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The party's in better shape than the one Ms. MacBeth inherited. It's finally debt-free (though has no significant war chest) and is facing a new opportunity because of the emergence of the right-wing Wildrose party, which is expected to split the conservative vote. Liberals hope that, with a right-leaning leader like Dr. Sherman, they can be viewed as a centrist party and capitalize on the right-wing vote-split to boost their seat total. However, polls show the party is weak and, in one result, behind the NDP.

Little of this was on the minds, however, of a small group of party supporters who gathered at the University of Alberta Saturday to hear the voting results. And Dr. Sherman said it was time for the party to move forward together.

"The first order of business for us is to get our candidates ready. Right now, you know, the PC party's got millions of dollars in the bank. They have a 40-year track record [having ruled since 1971] It won't be easy. We have a lot of work to do. We have to put this party in election mode," Dr. Sherman said. Later, he offered a message to his former caucus colleagues: "I'd like to tell them: Hey guys, the Alberta Liberal party's coming back and I look forward to a very exciting election, a very competitive election."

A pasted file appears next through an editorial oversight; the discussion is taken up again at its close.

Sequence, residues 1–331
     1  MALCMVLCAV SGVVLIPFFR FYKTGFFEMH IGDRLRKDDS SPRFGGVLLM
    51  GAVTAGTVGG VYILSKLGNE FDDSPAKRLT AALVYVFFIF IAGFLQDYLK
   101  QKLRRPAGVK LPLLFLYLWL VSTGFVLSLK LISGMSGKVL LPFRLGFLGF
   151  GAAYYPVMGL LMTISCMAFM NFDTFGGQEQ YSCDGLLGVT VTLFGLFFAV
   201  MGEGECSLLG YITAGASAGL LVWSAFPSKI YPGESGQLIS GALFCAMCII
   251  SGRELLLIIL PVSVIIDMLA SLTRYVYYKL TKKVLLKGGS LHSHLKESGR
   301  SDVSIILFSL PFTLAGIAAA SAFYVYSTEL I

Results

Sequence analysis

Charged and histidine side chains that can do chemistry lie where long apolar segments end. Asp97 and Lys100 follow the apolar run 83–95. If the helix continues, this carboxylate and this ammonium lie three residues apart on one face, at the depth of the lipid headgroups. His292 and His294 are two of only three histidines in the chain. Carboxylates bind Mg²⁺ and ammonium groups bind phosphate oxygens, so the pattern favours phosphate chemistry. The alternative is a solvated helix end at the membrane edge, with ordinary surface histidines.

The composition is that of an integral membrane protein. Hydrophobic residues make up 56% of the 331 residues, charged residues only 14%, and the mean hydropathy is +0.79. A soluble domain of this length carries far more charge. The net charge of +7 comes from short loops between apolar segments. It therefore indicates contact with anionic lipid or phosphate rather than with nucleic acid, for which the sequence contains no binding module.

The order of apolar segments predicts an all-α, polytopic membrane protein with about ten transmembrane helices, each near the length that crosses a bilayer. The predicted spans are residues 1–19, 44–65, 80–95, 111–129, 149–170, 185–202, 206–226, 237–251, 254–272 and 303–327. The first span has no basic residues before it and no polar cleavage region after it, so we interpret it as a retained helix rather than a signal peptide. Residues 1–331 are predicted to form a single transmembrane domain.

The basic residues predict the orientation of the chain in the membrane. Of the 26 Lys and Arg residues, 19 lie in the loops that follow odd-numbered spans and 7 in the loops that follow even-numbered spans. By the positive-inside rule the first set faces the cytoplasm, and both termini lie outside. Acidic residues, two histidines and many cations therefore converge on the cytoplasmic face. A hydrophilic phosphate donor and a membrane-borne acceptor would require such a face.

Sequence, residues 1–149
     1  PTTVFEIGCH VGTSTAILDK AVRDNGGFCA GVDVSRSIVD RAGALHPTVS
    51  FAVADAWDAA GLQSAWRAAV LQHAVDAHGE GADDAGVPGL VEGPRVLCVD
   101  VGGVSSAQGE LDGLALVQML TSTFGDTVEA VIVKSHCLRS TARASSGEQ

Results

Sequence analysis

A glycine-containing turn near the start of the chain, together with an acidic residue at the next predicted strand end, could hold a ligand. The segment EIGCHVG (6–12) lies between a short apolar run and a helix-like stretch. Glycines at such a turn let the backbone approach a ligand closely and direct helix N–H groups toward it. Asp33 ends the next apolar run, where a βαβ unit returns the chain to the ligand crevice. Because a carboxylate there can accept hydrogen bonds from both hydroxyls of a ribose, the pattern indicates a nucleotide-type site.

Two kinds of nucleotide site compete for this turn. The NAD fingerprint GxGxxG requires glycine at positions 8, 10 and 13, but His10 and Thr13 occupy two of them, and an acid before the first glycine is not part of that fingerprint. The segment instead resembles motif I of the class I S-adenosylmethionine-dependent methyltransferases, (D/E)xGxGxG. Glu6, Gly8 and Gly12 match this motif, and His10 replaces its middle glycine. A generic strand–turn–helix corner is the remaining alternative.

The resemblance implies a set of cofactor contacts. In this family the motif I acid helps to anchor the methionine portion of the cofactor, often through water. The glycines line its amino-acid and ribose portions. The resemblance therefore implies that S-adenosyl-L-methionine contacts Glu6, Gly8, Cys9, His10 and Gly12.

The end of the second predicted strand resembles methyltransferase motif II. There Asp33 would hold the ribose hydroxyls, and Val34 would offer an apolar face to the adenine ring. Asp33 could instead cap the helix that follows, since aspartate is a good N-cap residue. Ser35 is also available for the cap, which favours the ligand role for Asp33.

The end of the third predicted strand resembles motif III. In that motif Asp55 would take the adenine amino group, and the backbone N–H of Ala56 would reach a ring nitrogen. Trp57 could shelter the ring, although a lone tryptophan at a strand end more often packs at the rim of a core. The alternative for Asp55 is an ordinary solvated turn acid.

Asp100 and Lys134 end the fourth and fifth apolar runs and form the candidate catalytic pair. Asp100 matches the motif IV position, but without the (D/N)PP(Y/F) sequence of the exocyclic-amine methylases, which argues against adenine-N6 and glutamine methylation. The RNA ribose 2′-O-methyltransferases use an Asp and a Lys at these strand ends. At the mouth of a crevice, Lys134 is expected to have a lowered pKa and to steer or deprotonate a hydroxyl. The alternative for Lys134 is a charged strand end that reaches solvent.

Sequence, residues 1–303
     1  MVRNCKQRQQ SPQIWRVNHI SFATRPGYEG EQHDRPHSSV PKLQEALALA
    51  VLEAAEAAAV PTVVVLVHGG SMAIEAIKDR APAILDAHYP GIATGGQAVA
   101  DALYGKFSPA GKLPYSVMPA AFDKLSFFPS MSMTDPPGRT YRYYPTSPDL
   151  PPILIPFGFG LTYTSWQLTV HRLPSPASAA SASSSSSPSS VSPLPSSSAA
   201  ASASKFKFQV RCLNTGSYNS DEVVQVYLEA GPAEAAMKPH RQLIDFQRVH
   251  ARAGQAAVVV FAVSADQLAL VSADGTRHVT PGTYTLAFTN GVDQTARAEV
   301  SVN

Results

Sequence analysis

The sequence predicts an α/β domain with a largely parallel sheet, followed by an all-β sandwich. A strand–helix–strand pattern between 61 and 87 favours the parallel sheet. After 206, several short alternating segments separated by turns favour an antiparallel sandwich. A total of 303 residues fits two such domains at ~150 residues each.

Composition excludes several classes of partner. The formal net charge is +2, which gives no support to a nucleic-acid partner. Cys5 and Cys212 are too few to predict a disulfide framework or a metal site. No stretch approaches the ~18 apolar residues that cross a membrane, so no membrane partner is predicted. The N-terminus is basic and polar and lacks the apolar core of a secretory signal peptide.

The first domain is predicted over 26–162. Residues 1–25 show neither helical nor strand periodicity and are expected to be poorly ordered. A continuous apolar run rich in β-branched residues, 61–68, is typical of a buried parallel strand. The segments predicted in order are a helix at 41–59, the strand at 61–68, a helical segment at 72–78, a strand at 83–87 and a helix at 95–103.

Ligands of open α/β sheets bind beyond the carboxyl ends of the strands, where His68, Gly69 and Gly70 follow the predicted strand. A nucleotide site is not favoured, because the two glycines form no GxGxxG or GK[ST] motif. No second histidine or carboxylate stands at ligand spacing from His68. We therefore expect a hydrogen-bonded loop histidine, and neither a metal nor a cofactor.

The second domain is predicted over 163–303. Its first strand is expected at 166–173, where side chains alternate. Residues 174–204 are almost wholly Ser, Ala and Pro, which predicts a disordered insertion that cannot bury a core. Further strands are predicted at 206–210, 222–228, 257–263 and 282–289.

The PCs hold the first ballot of their own race on Sept. 17. Three of the top candidates – Gary Mar, Alison Redford and Doug Horner – are firmly on the party's progressive wing and would compete for the same centrist votes the Liberals are courting. An election is expected in the fall or spring, but needn't be called before 2013. PC candidate debates have regularly drawn larger crowds than what the Liberals drew on Saturday for the race's results.